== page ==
The UK government only outlined what coronavirus crisis support it will be providing to self-employed and gig economy workers on 26 March. Officials laid out plans to support employed workers a week ago.
The government’s slowness in offering help to the some five million Britons in this position is insulting. But the way one group of self-employed workers describe their treatment amid the outbreak goes beyond insulting: it sounds obscene.
As the Guardian reported, a group of blood couriers are taking legal action against their employer. They work for a company called the Doctors Laboratory (TDL), which counts the NHS as a customer for pathology services. The Guardian says the couriers ferry samples between labs and hospitals “on the frontline of the crisis”.
The self-employed workers say the provision of personal protection equipment they have when transporting Covid-19 samples is inadequate. They claim that some of them have not had access to hand sanitiser or gloves. Depending on whether there’s a facility to leave or pick up blood samples at hospital entrances, couriers say they sometimes will have to go inside. So they also want the option to use masks and full body protective gear. They’re asking for regular testing for coronavirus too.
The couriers further claim some samples have been improperly packaged. Meanwhile, they don’t receive sick pay as self-employed workers.
“A small cost to pay”
The union Independent Workers of Great Britain (IWGB) is representing the couriers in the action. IWGB’s Alex Marshall wrote in a letter to the group’s employer:
TDL couriers are going to be paramount to the tackling of this virus and to monitoring the spread. When everyone is being told to stay home and keep safe, TDL couriers will have to be out and expose themselves to the risks others are able to avoid
Marshall continues, saying TDL should give workers:
what they want to make them feel at ease while working. It is a small cost to pay for couriers continuing to work and keep the business going in the most adverse conditions.
TDL claims the self-employed workers had been offered full employment contracts. TDL said it was only couriers who were employed on those terms who would be “afforded” full pay should they have to self-isolate, i.e. if they get sick. The company does, however, expect self-employed couriers to self-isolate, as per government advice, for which they will only be entitled to statutory sick pay of £94.25 per week.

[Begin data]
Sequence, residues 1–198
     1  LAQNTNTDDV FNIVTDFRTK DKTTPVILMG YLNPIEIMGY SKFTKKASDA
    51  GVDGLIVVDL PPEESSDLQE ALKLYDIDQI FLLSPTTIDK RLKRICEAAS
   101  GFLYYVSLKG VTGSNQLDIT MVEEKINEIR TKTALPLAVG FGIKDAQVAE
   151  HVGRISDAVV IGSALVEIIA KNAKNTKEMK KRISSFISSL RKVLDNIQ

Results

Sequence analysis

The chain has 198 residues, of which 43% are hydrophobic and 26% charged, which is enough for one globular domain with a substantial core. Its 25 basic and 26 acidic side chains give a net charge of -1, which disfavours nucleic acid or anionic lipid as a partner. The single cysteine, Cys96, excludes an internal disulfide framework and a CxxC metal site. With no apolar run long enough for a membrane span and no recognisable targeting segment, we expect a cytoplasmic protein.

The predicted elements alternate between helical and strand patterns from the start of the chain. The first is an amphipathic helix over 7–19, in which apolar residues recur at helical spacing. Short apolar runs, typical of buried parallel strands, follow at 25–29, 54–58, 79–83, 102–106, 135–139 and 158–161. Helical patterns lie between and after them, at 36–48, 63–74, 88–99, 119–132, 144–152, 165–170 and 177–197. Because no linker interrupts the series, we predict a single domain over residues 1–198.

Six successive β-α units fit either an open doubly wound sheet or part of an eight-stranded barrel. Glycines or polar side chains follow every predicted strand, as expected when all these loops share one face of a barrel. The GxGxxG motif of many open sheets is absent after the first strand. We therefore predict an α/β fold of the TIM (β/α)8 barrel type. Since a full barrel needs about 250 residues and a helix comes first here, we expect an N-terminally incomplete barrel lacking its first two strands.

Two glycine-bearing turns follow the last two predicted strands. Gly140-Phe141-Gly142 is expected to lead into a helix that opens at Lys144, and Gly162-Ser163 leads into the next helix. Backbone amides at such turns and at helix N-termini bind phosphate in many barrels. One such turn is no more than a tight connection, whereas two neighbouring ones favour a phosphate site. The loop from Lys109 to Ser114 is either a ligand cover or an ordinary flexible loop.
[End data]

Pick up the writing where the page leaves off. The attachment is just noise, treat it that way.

On the safety equipment, TDL said it had provided protective gloves, and hand sanitiser “subject to availability”. It also said its packaging for the samples is approved by Public Health England, along with a “leading UK dangerous goods safety advisor”. Meanwhile, it claimed public health guidances don’t necessitate face masks for the job and that couriers could refuse to transport improperly packaged items. The director of governance, Emer Nestor, said:
It is inconceivable that we would deliberately expose any of our workforce, of whom our couriers are an important part, to undue risk at any time but especially in these exceptional circumstances. All our protocols are compliant with current regulations, are kept under constant review and should they change, our protocols will change with them.
Unfortunately, it’s not inconceivable that frontline, essential workers have to work without adequate protective gear amid the coronavirus crisis. NHS workers say they are routinely finding themselves in that situation at the moment. It’s not incomprehensible either that self-employed and gig-economy workers find themselves left out in the cold when it comes to financial support. That’s exactly what the government has done to these sorts of workers up until now.
Both issues need to be resolved quickly, for the workers involved and the health of the wider community.
Featured image via the Royal College of Pathologists/YouTube
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